Trans women banned from competing in female swimming

The new policy follows the victory of Transgender swimmer Lia Thomas at the US collegiate championships in Atlanta.

Transgender swimming athlete Lia Thomas in a pool wearing a swimming cap with goggles on her head
Image: Via YouTube @TODAY

The world’s swimming governing body, FINA, is bringing in new restrictions which effectively ban Transgender women from competing in women’s categories, over concerns about fairness in competition.

The decision was made in a vote amongst 152 national federations at the world championships in Budapest, with 71% in favour of the new policy which comes into effect today, June 20.

The new policy, which is 34 pages in length, states that Transgender athletes will be eligible to compete “provided they have not experienced any part of male puberty beyond Tanner Stage 2 [which marks the start of physical development], or before age 12, whichever is later”.

However, the spokesperson for FINA president Husain Al-Musallam told the Associated Press that “This is not saying that people are encouraged to transition by the age of 12 … They’re not saying everyone should transition by age 11, that’s ridiculous. You can’t transition by that age in most countries and hopefully wouldn’t be encouraged to. Basically, what they’re saying is that it is not feasible for people who have transitioned to compete without having an advantage.”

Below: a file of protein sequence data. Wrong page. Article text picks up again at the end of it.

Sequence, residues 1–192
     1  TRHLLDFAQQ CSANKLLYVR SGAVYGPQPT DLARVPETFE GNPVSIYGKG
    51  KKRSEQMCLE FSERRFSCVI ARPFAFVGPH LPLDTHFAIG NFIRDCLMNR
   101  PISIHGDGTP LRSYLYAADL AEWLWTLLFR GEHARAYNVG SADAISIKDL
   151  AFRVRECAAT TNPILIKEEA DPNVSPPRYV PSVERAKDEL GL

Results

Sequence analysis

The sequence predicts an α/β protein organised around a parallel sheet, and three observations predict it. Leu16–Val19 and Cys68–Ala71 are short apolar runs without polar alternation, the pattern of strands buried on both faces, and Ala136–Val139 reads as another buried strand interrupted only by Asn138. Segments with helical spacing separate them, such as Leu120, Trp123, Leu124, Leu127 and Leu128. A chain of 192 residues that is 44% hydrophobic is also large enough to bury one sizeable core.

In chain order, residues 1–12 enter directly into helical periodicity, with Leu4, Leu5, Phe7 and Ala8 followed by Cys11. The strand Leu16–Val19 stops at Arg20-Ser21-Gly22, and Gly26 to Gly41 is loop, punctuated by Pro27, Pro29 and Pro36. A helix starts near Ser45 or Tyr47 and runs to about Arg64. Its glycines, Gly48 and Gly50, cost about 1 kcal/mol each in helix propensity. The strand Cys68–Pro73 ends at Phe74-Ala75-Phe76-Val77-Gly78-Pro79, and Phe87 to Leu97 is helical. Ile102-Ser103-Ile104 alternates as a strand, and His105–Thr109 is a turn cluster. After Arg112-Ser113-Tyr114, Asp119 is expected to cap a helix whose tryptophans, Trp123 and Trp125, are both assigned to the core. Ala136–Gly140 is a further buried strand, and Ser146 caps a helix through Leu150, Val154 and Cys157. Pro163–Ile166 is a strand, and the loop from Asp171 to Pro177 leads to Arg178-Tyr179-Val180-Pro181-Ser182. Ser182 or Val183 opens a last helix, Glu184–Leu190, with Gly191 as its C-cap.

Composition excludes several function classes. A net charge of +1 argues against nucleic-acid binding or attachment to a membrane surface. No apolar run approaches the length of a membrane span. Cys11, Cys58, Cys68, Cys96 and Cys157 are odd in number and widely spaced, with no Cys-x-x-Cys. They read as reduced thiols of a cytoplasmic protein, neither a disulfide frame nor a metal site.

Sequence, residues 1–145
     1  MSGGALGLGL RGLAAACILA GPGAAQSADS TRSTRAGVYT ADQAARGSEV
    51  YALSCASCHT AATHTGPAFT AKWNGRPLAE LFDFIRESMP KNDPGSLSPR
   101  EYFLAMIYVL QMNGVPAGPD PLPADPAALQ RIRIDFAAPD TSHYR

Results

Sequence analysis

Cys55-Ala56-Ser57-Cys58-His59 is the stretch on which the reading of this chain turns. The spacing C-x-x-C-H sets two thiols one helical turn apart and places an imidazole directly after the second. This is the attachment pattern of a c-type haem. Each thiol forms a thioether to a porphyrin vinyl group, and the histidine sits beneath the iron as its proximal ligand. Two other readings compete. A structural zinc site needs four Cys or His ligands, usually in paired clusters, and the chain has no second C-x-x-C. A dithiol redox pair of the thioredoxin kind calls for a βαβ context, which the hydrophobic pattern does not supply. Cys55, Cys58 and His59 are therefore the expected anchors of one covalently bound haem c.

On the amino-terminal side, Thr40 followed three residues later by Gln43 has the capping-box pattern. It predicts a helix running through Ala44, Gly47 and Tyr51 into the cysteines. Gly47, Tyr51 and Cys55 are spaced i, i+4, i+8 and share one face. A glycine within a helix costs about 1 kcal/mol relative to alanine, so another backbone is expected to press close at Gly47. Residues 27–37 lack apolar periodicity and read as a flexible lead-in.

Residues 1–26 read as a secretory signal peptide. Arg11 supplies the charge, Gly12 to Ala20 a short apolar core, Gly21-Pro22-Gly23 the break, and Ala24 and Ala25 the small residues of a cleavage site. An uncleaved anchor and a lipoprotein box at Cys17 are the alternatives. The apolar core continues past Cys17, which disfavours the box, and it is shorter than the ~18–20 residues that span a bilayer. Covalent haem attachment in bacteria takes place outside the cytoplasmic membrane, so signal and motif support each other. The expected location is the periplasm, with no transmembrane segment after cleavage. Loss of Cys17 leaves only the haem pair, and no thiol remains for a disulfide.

Under the new policy, there are plans to implement a new “open category” in which Transgender can compete in certain swimming competitions but Al-Musallam admits that “no one knows how it’s going to work”.

Megan Rapinoe, a US soccer veteran, has come out strongly opposed to the new policy, which she has called “cruel” and “disgusting”.

“Show me the evidence that trans women are taking everyone’s scholarships, are dominating in every sport, are winning every title. I’m sorry, it’s just not happening,” she said.

She also told TIME, “I’m 100 per cent supportive of trans inclusion. People do not know very much about it. We’re missing almost everything. At the highest level, there is regulation. In collegiate sports, there is regulation. And at the Olympic and professional level. It’s not like it’s a free-for-all where everyone’s just doing whatever.”

The development of this policy follows the victory of Transgender swimming athlete Lia Thomas who became the 500-yard freestyle champion at the US collegiate championships in Atlanta. Her success was criticised by many, despite data which showed that she had no biological advantage over her competitors, and the new restrictions mean her dreams of competing at the 2024 Olympics in Paris are unlikely to come to fruition.

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